An offer must be unconditionally and unqualified by accepted. Any addition to or subtraction from the terms of the offer is an alteration to the terms and amounts to a total rejection of the offer by the offeree. The terms embedded in the rejection may form the basis for the formation of a new agreement. This is what amounts to a counter-offer. An offer is impliedly rejected if the offeree instead of accepting the original offer makes a counter-offer which varies the terms proposed by the offeror. Hyde v. Wrench (1840) 3 Kear. 334.

— Adekeye, JSC. Best Ltd. v. Blackwood Hodge (2011) – SC

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TO DETERMINE RIGHTS IN A CONTRACT, COURT MUST RESPECT CONTRACT MADE BY PARTIES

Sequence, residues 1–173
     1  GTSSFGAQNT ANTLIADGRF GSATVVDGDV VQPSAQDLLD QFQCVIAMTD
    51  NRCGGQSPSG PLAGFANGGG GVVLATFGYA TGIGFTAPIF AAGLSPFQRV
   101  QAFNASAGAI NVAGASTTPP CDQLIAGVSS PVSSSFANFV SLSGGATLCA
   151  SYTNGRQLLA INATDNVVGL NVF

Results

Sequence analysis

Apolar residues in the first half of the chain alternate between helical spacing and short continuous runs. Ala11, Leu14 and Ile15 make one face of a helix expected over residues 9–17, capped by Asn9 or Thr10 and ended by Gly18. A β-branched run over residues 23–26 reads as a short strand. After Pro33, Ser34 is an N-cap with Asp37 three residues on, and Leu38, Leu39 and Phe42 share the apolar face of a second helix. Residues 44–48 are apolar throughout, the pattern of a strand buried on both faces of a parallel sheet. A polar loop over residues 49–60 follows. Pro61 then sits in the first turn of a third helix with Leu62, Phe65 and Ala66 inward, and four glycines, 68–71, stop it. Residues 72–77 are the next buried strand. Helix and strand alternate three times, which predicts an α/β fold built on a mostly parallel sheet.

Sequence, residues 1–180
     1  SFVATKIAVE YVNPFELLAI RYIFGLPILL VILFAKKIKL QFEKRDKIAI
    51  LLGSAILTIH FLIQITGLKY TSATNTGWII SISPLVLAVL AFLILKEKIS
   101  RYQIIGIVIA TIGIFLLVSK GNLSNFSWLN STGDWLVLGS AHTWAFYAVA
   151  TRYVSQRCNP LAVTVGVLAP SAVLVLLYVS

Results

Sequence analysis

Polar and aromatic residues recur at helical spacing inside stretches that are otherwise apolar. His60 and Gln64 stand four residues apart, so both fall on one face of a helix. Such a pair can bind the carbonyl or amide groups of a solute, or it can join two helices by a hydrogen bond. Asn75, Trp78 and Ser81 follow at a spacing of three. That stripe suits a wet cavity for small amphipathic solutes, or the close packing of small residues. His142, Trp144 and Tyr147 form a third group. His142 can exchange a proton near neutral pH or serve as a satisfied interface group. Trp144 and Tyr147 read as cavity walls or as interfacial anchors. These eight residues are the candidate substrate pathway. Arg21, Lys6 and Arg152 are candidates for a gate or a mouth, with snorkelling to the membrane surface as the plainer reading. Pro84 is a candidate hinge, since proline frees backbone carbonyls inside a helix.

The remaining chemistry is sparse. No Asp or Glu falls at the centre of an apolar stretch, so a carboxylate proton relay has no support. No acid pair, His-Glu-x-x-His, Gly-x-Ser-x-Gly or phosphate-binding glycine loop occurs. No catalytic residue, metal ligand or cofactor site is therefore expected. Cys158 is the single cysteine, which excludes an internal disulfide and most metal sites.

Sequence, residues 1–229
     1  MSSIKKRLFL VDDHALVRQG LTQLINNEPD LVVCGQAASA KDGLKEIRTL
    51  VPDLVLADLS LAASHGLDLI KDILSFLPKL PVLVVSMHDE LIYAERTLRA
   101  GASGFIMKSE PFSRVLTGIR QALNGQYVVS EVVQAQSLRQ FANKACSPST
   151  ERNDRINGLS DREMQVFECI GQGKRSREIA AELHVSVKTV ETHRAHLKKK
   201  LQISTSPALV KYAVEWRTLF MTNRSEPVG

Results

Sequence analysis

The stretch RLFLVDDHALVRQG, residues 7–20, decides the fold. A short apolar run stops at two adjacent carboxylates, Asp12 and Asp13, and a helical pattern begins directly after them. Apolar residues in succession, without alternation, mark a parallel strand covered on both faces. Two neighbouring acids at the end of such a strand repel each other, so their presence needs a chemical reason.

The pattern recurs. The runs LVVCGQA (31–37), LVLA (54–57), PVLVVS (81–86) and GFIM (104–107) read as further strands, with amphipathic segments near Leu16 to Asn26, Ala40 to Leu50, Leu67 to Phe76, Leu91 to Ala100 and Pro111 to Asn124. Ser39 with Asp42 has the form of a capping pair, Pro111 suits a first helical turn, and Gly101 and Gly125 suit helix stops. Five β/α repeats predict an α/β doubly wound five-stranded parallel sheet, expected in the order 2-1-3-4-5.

The position of the law is that in determining the rights and obligations of parties to a contract, the court must respect the sanctity of the contract made by them. They are bound by the terms thereof and the court will not allow any extraneous term to be read into it. See Adams O. Idufueko v Pfizer Products Limited & Anor. (2014) LPELR-22999 (SC).

— Adewemimo J. Afariogun v FUTA (2020) – NICN/AK/41/2017

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CONTRACT CREATES RECIPROCAL OBLIGATIONS

A contract is an agreement between two or more parties which creates reciprocal obligations to do or not to do a particular thing. Thus, for a valid contract to be formed, there must be mutuality of purpose and intention. In other words, the two or more minds must meet at the same point, event, or incident. They must not meet at different points, events or incidents. They must be saying the same thing at the same time. See ORIENT BANK (NIG) PLC V BILANTE INTERNATIONAL LTD (1997) 8 NWLR (pt. 515) 37.